Love's Thorough Work

In pointing to the necessity of persistently and thoroughly combating the evil tendencies of mortal mind, Mrs. Eddy makes the statement (Science and Health, p. 407): "Man's enslavement to the most relentless masters—passion, selfishness, envy, hatred, and revenge—is conquered only by a mighty struggle. Every hour of delay makes the struggle more severe. If man is not victorious over the passions, they crush out happiness, health, and manhood."

The importance of dealing unsparingly with the false views which lie at the root of every belief of material existence, the necessity of searching deep into our heart for hidden and subtle error and continuing the quest patiently and untiringly, the imperative demand for bringing to the surface every life-sapping belief in evil and of then making a noble struggle to annihilate it utterly, was symbolized accurately by a circumstance which came under the writer's recent observation. While visiting, she was much surprised to find her friend in the garden with her hands filled with bunches of violets apparently torn from the soil, root and all. Knowing the tender love of the friend for her flowers and her care of every least plant in the garden, something bordering upon amazement was experienced as, glancing along the path, the entire bed of violets was discovered lying uprooted, faces downward, a sorry and bedraggled sight.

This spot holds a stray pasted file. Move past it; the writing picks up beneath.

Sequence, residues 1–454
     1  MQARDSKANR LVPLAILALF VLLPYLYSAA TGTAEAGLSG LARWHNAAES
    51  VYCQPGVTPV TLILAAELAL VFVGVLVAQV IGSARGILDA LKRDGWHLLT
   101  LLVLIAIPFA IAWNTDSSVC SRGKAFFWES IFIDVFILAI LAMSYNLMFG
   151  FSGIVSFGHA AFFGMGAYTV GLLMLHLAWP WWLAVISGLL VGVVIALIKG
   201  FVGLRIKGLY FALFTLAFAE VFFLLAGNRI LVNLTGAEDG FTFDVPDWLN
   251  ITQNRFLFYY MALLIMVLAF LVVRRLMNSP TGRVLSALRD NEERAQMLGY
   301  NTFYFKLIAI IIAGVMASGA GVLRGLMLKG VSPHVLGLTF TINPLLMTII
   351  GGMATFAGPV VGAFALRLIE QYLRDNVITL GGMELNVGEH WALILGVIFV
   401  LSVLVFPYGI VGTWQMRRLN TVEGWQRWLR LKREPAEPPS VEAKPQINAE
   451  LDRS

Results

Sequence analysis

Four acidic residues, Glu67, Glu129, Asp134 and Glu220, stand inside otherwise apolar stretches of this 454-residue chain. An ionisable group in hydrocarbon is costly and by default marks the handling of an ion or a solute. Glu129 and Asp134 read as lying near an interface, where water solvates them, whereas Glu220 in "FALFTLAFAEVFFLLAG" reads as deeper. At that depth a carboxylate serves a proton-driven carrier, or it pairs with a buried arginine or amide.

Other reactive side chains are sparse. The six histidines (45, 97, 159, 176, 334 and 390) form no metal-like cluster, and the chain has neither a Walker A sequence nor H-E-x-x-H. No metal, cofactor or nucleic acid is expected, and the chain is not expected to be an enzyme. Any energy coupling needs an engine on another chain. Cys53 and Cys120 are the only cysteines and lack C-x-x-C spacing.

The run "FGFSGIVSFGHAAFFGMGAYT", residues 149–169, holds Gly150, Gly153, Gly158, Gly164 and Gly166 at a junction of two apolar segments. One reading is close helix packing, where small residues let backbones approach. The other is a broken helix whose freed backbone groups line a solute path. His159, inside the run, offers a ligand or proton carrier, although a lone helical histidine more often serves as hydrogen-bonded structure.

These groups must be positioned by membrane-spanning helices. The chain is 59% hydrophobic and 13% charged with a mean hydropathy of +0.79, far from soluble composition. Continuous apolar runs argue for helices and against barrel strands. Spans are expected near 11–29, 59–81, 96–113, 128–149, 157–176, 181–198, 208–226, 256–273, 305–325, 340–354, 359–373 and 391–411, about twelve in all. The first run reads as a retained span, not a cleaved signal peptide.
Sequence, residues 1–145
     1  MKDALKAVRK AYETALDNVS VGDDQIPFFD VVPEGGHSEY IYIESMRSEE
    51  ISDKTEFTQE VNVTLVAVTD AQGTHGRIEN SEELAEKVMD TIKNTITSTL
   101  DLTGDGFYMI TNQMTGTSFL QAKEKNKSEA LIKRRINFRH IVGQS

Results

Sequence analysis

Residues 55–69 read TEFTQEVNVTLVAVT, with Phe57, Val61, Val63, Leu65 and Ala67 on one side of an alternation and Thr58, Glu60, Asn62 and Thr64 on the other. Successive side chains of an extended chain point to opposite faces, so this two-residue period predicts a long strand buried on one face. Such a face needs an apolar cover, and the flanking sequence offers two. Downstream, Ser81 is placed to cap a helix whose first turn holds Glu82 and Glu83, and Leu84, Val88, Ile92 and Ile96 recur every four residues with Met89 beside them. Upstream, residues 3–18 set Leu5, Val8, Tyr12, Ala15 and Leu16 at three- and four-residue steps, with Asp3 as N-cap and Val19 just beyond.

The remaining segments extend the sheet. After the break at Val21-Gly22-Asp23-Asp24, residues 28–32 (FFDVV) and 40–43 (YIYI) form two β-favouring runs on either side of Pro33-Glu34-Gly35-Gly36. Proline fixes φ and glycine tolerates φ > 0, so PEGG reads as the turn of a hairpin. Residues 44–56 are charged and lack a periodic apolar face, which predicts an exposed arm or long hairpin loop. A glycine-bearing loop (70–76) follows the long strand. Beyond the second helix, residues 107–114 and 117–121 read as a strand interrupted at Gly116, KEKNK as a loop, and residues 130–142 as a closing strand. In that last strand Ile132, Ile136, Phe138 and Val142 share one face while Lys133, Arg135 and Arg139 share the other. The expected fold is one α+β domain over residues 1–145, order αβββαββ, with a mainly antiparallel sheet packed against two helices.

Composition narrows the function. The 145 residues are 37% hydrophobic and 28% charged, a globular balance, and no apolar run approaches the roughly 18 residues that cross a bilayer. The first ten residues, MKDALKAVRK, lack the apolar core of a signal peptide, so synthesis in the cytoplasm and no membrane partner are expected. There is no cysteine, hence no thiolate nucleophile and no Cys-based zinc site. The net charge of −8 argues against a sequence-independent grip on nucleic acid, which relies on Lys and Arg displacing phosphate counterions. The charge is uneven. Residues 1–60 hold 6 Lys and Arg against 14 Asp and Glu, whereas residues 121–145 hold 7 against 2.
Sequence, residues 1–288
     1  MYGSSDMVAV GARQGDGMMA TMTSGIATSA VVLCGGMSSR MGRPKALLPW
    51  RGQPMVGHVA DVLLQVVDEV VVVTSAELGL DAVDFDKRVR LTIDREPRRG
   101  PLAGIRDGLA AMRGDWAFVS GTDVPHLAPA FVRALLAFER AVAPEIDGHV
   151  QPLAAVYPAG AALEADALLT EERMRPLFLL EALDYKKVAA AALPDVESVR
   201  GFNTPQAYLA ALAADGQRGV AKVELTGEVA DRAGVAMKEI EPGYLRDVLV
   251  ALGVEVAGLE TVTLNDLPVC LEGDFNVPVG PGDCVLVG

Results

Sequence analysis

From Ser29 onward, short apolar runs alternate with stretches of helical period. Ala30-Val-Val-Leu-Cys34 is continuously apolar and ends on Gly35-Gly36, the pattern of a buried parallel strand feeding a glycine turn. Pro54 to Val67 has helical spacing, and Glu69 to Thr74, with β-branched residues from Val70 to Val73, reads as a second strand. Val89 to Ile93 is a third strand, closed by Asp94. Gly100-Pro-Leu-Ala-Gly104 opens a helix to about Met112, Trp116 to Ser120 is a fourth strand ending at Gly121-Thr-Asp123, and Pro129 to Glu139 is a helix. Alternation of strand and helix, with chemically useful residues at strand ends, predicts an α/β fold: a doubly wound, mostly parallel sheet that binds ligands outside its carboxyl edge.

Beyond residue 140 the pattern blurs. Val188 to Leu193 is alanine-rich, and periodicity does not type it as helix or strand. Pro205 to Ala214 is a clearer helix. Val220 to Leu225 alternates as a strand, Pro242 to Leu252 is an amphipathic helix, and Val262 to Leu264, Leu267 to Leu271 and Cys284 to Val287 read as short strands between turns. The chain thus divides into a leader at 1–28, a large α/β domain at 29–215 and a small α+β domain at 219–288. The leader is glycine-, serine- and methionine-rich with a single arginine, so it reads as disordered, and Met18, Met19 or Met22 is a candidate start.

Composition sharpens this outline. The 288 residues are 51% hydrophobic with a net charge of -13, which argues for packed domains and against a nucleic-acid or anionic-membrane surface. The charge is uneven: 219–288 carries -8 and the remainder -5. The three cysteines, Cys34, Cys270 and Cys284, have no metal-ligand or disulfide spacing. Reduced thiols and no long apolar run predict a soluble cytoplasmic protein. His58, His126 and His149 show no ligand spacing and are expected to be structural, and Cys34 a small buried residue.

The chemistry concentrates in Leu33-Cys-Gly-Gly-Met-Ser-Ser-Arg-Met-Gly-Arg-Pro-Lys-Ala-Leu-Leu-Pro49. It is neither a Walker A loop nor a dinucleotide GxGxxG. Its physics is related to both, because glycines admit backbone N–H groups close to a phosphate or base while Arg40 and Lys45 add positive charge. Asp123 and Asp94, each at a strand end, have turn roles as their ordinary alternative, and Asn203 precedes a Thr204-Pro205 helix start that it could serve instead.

Within the ample garden the bright spring sunlight rested on all with joy and warmth. Fountains of the purest water gave freely to each thirsty plant, rich soil abounded, and the violets on a former visit to their bed had appeared thrifty enough. "Then why," the writer asked herself, "why this rude and sweeping disturbance?" Had the gardener's love grown cold? Were the pretty violets no longer worthy of the charming spot they occupied? Was some more majestic plant to be given their snug bed?

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"Tear or triumph"
April 10, 1915

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